When it comes to purchasing land, it’s important to thoroughly research and evaluate the suitability of any potential property before making a commitment. There are many factors that can impact the use and value of a piece of land.
Whether you’re looking to build a home, start a business, or invest in real estate, there are a few types of land that may not be suitable for purchase in Kenya, or in any other country for that matter.
1. Flood-prone land.
Flooding can cause significant damage to structures and infrastructure, and can also pose a risk to human health and safety.
There are several factors to consider when evaluating the risk of flooding on a particular piece of land:
Land located in a floodplain or near a body of water is more at risk of flooding than land that is farther inland.
Land at a lower elevation is more at risk of flooding than land at a higher elevation.
Some types of soil are more prone to flooding than others. For example, clay-based soil may retain more water and be more prone to flooding than sandy soil.
Previous flood history.
Land that has experienced flooding in the past is more likely to flood again in the future.
2. Land with environmental issues.
This is land that has been contaminated or is at risk of contamination from pollutants or hazardous materials. This type of land can present serious health and safety risks, and can also be difficult and expensive to clean up.
There are many potential sources of contamination on land, including:
Land that was previously used for industrial purposes, such as factories or warehouses, may be contaminated with hazardous chemicals or other pollutants.
Land that was used as a landfill may be contaminated with a variety of materials, including household waste, industrial waste, and hazardous materials.
Underground storage tanks.
Land that was used to store fuel or other hazardous materials in underground tanks may be contaminated if the tanks leak or spill.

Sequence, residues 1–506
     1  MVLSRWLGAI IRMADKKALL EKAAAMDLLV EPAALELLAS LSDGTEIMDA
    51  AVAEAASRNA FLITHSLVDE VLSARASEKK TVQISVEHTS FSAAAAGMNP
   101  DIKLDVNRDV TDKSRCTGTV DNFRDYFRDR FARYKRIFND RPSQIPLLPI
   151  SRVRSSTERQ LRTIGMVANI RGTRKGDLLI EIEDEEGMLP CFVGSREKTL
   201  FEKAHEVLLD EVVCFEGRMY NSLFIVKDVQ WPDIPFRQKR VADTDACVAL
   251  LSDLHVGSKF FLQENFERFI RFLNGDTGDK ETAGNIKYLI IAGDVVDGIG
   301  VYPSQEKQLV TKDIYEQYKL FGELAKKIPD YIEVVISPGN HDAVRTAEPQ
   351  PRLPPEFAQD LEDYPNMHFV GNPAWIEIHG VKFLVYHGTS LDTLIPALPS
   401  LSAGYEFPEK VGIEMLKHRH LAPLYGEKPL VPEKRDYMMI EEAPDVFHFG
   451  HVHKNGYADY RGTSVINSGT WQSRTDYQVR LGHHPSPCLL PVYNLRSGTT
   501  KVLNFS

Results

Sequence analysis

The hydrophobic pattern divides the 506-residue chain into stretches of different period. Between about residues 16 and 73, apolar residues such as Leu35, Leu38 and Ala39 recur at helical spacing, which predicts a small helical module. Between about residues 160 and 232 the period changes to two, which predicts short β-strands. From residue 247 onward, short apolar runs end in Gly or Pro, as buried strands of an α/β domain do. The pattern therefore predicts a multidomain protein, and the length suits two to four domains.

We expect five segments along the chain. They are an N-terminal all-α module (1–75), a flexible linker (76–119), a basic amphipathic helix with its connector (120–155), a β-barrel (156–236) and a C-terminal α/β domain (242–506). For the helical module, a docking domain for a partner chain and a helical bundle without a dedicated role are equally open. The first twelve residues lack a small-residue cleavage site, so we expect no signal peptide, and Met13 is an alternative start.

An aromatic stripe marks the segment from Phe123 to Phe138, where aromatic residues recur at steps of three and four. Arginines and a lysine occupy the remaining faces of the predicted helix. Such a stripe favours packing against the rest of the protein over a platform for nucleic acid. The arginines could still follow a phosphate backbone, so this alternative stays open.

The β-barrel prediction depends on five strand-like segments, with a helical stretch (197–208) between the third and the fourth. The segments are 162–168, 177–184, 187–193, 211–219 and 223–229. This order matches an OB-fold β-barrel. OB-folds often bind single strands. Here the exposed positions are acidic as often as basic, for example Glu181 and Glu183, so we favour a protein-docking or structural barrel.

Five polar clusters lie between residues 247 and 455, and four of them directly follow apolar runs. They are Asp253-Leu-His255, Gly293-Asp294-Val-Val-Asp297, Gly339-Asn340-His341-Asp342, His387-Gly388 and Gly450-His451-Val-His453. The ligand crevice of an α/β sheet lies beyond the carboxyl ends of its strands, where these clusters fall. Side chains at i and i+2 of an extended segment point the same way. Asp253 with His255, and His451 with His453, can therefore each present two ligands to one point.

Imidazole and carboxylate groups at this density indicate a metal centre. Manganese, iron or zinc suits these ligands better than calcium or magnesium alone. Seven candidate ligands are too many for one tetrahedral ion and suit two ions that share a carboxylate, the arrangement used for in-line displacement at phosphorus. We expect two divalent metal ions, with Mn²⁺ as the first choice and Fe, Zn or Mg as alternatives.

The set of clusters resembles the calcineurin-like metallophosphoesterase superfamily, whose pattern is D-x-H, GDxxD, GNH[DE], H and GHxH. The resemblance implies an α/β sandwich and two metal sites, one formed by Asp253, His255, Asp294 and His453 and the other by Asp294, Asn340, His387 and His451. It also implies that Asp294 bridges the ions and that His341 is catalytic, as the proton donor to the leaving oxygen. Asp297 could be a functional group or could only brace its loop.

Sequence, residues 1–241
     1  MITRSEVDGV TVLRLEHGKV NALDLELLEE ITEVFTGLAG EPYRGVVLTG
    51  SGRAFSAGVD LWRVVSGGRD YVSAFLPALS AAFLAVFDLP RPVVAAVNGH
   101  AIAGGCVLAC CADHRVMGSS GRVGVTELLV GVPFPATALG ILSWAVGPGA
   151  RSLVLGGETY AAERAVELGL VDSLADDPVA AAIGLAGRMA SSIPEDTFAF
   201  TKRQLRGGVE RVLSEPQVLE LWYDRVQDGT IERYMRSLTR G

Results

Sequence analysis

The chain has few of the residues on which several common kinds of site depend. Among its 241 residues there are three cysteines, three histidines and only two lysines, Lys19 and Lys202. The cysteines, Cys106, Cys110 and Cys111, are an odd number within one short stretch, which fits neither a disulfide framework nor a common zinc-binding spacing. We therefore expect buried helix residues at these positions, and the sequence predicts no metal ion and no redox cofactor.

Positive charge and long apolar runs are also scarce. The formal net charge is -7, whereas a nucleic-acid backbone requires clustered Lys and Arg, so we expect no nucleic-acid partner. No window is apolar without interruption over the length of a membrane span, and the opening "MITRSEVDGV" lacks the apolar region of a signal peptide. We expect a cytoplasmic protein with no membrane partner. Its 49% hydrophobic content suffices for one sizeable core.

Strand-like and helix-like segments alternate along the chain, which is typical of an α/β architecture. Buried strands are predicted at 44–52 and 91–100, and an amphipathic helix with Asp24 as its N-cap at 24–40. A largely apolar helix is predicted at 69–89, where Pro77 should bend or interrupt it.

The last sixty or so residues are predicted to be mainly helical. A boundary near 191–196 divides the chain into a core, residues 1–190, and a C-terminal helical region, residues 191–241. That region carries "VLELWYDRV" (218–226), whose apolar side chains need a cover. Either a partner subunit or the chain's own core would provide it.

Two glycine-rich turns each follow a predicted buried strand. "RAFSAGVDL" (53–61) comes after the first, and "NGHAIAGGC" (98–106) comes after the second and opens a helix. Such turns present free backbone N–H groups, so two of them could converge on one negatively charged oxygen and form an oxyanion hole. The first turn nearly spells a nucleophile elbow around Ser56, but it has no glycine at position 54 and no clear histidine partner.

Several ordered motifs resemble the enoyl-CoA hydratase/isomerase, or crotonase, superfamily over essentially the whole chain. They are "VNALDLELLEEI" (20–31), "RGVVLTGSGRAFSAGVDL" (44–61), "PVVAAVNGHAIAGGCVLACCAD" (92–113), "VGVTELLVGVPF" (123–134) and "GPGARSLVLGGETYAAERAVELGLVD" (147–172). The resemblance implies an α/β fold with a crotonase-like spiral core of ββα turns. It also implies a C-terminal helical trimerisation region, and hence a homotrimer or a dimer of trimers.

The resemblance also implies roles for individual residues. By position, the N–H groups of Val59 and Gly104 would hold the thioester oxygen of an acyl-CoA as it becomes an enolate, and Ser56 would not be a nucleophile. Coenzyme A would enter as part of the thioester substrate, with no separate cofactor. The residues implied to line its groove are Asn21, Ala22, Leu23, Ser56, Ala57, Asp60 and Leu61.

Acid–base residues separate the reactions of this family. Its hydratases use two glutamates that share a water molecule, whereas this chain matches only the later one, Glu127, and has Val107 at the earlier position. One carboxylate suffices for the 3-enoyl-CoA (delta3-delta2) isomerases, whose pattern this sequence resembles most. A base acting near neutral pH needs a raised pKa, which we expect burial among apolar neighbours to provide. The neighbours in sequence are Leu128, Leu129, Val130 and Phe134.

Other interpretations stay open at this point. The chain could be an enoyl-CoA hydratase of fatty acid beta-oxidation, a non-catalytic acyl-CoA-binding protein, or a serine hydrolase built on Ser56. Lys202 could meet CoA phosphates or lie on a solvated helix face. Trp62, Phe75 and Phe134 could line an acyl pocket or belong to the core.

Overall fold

Land that has been used for agricultural purposes may be contaminated with pesticides, fertilizers, or other chemicals.
Former military sites.
Land that was previously used for military purposes may be contaminated with a variety of hazardous materials, including chemical weapons and other pollutants.
3. Land with unclear ownership or title:
It is important to thoroughly research the ownership and title of any land you are considering purchasing to ensure that there are no disputes or other issues that could cause problems in the future. This may involve consulting with a lawyer or other professional help to help understand and navigate any potential issues such as:-
Legal disputes: If there are multiple parties claiming ownership or rights to the land, it can lead to legal disputes that can be costly and time-consuming to resolve.
Title issues: If the ownership or title to the land is unclear, it can make it difficult to determine who has the legal right to sell or transfer the land.
Development issues: If the ownership or title to the land is unclear, it can be difficult or impossible to obtain the necessary permits and approvals to develop the land.
4. Hilly land.
Hilly land can also present challenges and may not be suitable for certain types of development. Here are a few potential issues to consider:
Erosion: Sloping land is more susceptible to erosion, which can lead to landslides and other forms of soil erosion.
Access: Sloping land can also be more difficult to access, which can make it more challenging to transport materials, equipment, and other resources to and from the site.